High inflation is making consumers across Europe buy significantly more private brands, new figures show. This has everything to do with the widening price gap between A-brands and private brands.
In full corona crisis, national brands still managed to strengthen their market position: consumers needed confidence in uncertain times. But influenced by high inflation last year, supermarket customers’ buying behaviour has changed sharply: shoppers are putting more lower-priced private brands in their shopping trolleys as family budgets are under pressure.
This trend is continuing across Europe, according to the latest edition of the International Private Label Yearbook, a publication by PLMA (the association of private label manufacturers) and research firm NielsenIQ. Total private label sales grew by as much as 25 billion euros to 302 billion last year.
There is only one exception: in Switzerland, the share of private labels fell slightly. But in that country, private labels now have a 51.6% share of sales, the highest share in the European region. And the entire food market there declined in 2022. In the other 16 countries surveyed, there was an increase in sales share. The strong increases noted by the study were in the Czech Republic (+3.5%), Portugal (+2.9%), Spain (+2.2%) and Hungary (+2.2%).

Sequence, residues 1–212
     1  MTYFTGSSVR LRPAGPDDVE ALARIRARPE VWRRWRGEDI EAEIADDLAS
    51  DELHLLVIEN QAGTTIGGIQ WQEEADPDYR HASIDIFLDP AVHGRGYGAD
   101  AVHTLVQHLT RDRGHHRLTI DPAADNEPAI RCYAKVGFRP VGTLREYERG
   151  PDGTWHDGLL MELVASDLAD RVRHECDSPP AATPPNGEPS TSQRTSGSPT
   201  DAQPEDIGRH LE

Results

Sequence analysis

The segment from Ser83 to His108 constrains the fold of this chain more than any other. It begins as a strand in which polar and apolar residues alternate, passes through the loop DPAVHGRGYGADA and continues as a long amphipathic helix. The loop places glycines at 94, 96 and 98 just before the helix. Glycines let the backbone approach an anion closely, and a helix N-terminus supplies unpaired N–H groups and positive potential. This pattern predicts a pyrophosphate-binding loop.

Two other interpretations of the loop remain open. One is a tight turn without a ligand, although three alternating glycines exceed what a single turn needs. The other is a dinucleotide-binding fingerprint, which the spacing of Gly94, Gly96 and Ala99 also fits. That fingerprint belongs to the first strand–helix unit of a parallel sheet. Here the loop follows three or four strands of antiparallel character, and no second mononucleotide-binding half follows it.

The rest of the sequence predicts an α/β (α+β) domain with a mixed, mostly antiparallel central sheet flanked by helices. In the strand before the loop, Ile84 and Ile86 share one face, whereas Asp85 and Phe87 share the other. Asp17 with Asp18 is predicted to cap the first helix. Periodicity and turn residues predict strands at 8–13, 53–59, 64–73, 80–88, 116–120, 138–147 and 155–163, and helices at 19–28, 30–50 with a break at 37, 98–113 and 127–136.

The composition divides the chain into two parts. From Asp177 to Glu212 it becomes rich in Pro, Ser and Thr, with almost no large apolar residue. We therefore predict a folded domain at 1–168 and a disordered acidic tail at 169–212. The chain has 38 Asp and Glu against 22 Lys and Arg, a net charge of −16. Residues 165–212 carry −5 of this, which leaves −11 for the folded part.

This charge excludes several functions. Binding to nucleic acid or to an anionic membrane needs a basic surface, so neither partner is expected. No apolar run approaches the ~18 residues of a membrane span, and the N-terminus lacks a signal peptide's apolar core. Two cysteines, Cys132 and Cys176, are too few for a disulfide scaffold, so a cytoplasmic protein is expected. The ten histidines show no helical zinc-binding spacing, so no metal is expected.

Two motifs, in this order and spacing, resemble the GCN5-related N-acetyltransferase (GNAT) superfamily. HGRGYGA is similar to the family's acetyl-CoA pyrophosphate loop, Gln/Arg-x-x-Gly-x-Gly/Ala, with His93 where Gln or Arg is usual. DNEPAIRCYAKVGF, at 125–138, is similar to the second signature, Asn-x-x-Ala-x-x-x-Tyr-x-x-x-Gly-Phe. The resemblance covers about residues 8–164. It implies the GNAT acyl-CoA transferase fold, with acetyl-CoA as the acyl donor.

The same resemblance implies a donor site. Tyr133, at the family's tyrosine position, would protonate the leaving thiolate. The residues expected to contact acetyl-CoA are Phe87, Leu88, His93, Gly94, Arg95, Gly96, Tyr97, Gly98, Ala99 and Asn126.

In the Netherlands, private brands already account for 44% of supermarket sales. In Spain it is 43.3%, in the UK 42.7%. In Belgium, where the volume share for private label is as high as 55.2%, private brands account for 37.8% of sales, indicating that retail brands there are considerably cheaper than the big brands.
Price gap widens
The figures do not come as a big surprise: for more than a year, brand manufacturers have been implementing hefty price increases to cope with sharply rising costs. In doing so, they clash with supermarket chains, which want to keep prices low. Although private labels also pass on the rising costs – often even more in percentage terms than brands – the price gap continues to widen. These differences are very visible to consumers on the supermarket shelf.
More and more FMCG multinationals are now reporting that they are seeing a decline in volumes sold as a result of those price increases: more consumers are looking for cheaper alternatives in times of high inflation, and supermarkets are cleverly capitalising on this by highlighting their cheaper private brands: think of Albert Heijn‘s Price Favourites, Delhaize‘s Little Lions or Carrefour‘s buying power promotions. But brands have no choice but to raise prices to avoid jeopardising their profitability. Also in 2023, most food brands will implement further price increases.